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Clinical round-up – news and drug updates in March

cancer - online


Check ‘hidden bipolar’ in teenage depression

One in 10 people aged between 18 and 40 being treated for depression in primary care have unrecognised bipolar disorder, say UK researchers.

A group from the Leeds and York Partnership NHS Foundation Trust interviewed and sent questionnaires to patients who were taking antidepressants, and found that 7.3% of them had unrecognised bipolar disorder.

They estimated the nationwide prevalence of unrecognised bipolar disorder in this patient group was 10%. Previous estimates put this figure between 0.5% and 4.3%.

The researchers concluded: ‘Primary care clinicians should review life histories for evidence of unrecognised bipolar disorder, particularly bipolar II disorder, when seeing patients with depression or anxiety disorder.’

Br J Gen Prac 2016, online 1 Feb

GPs ‘bending rules’ on cancer referrals

Around 90% of UK GPs say they would ignore clinical guidance and send patients for tests if they suspected cancer, but the symptoms did not fit the criteria for urgent referral.

A new study on the international variation on adherence to cancer-specific referral diagnostic guidelines, led by researchers at the University of Oxford, found that 20% of these GPs said they would ‘record the patient’s history in such a way that allowed them to fit the guidelines for urgent referral’.

The study also found GPs in England, Wales and Northern Ireland were less likely to follow recommendations than their non-UK counterparts. Significantly, the study found no link between adherence to guideline recommendations and one-year cancer survival rates.

Lead author Dr Brian Nicholson, a GP and clinical fellow at the university’s department of primary care health sciences, said: ‘What’s interesting here is the tendency for GPs to “bend the rule” to ensure patients with concerning symptoms, who do not fit referral criteria, get rapid assessment.’

Br J Gen Prac 2016, online 1 Feb

Knee braces ‘could prevent falls in OA’

GPs should treat knee buckling in older people with osteoarthritis as a ‘priority’ and use targeted exercises to prevent future falls and provide peace of mind.

Researchers examined the association of knee buckling with the risk of falling in adults aged between 55 and 84 with, or at high risk of, OA. They found that those who experienced knee buckling were two to three times more likely to have fallen within the past year.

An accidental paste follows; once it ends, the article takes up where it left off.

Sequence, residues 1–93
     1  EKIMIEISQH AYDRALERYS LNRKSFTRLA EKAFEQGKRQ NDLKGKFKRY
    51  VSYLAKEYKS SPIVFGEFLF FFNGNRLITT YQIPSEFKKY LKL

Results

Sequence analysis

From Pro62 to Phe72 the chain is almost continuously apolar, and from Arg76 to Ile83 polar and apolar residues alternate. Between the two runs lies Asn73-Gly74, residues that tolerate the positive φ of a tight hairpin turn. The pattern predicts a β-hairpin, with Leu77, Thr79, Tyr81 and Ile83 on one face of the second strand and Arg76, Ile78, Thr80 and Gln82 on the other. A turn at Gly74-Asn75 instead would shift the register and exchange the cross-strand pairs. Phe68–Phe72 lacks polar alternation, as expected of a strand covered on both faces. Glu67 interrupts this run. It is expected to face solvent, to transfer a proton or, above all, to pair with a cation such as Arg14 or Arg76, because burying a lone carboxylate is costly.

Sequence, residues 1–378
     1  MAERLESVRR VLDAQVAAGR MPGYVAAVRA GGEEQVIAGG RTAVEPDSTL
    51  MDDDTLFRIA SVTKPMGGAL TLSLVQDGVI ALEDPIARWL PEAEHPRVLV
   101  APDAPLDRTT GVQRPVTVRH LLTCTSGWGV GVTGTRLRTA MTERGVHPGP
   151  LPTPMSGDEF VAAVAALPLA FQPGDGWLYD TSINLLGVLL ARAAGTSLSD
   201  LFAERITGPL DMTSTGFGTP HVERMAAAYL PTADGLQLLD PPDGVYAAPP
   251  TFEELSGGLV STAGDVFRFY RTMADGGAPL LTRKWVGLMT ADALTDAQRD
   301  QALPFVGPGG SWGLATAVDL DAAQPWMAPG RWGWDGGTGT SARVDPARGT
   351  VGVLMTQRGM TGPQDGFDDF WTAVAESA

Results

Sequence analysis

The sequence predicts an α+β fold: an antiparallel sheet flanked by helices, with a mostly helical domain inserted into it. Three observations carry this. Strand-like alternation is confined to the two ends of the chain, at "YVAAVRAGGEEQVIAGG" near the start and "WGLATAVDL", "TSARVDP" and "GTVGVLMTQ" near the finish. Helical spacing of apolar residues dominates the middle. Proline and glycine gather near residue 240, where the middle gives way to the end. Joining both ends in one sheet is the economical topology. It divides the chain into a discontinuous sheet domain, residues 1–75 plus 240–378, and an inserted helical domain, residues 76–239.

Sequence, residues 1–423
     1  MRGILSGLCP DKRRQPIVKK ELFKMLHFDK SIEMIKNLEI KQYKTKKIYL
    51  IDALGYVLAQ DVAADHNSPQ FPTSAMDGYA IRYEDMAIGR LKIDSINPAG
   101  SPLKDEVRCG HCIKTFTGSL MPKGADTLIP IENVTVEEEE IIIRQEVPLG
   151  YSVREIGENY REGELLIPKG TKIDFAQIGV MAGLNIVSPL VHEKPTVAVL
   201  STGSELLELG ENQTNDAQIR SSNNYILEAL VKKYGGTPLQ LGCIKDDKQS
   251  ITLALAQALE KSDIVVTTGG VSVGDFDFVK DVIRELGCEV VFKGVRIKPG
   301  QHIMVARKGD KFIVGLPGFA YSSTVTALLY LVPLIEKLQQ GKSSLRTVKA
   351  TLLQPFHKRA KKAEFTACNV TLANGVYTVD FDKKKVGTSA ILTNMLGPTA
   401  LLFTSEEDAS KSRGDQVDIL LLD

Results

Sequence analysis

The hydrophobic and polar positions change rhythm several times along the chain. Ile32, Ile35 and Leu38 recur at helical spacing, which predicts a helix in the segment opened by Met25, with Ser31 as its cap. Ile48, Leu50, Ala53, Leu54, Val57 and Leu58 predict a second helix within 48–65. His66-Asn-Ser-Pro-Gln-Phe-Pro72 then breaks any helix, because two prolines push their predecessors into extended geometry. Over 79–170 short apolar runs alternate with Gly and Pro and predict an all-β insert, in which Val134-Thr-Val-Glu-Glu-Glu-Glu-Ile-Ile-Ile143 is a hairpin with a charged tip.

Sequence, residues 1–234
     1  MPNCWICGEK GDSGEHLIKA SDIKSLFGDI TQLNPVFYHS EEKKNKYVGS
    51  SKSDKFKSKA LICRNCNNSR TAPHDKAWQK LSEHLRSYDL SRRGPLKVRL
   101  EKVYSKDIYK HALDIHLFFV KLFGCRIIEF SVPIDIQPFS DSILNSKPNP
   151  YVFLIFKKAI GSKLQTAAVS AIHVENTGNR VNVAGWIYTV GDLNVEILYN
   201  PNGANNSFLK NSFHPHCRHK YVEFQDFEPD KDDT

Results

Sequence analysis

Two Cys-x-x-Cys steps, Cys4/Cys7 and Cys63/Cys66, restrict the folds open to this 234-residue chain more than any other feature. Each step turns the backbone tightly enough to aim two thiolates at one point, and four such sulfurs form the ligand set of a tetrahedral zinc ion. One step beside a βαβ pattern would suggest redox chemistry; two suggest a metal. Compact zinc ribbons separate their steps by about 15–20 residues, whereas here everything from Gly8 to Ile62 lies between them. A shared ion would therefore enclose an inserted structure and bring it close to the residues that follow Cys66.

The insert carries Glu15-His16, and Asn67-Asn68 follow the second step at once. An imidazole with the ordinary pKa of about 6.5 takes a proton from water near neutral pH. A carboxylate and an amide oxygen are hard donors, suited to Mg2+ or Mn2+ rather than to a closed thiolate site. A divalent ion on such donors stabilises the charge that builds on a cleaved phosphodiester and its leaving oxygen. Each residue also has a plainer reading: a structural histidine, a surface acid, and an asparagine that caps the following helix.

About one in five participants fell as a result of knee buckling, and these people were also found to have a higher risk of recurrent falls, injury or poor balance confidence two years later.

The results suggest that knee buckling is an independent risk factor for falls in people with knee pain or OA, and the team urged GPs to use interventions that directly treat knee instability in order to prevent future falls.

Dr Tom Margham, a GP in east London and former spokesperson for Arthritis Research UK, said: ‘Taking steps to manage instability is a promising way of improving pain and symptoms [in patients with OA]. Bracing is one method, but exercises to improve muscle strength around the knee are important too and need no specialist equipment.’

Arthritis Care and Research 2015

Chronic fatigue ‘may affect 2% of teens’

Chronic fatigue syndrome (CFS) may be more common than originally thought, affecting nearly 2% of teenagers, new research has claimed.

The study surveyed 16-year-olds and their parents about mood and behaviour, and found that one in 50 teenagers is likely to experience CFS for more than three months, with girls almost twice as likely as boys to be affected.

Teenagers from families with more financial or emotional problems were also found to be at a higher risk of CFS.

The researchers, from the University of Bristol, did concede that a diagnosis of CFS was made using questionnaire responses rather than through a clinical classification, but argued this was adequate, saying: ‘We are confident as we can be that we have the right prevalence figures here. The participants were not diagnosed by a doctor, but you can’t do that as half wouldn’t turn up.’

Pediatrics 2016, online 25 Jan

Early therapy ‘reduces hay fever’ in over-65s

Preseasonal subcutaneous immunotherapy reduces symptoms of hay fever in older patients, Polish researchers have claimed.

A three-year double-blinded, placebo-controlled study in hay fever sufferers aged 65-75 found those in the treatment group experienced an overall reduction in symptoms and medication use of 41% compared with the placebo group.

When medication wasn’t considered, patients that received immunotherapy saw a drop in their symptoms of 55% during the grass pollen season and did not experience any allergic reactions.

But Dr Dermot Ryan, former GP and current chair of the Primary Care Interest Group of the European Academy of Allergy, said: ‘An allergist would have to apply to a CCG on a named-patient basis to justify the expense of a three-year course of treatment, and that is if a GP even had access to an allergist’.

Ann Allergy Asthma Immunol 2016, online 1 Feb

Therapeutics update

Mirabegron contraindicated in patients with severe uncontrolled hypertension

After a Medicines and Healthcare products Regulatory Agency review of safety data for mirabegron (Betmiga), the drug is now contraindicated in severe uncontrolled hypertension (systolic ≥180mmHg or diastolic ≥110mmHg).

Ezetimibe in hypercholesterolaemia

NICE has approved ezetimibe for use in adults with hypercholesterolaemia in whom initial statin therapy is contraindicated or not tolerated.







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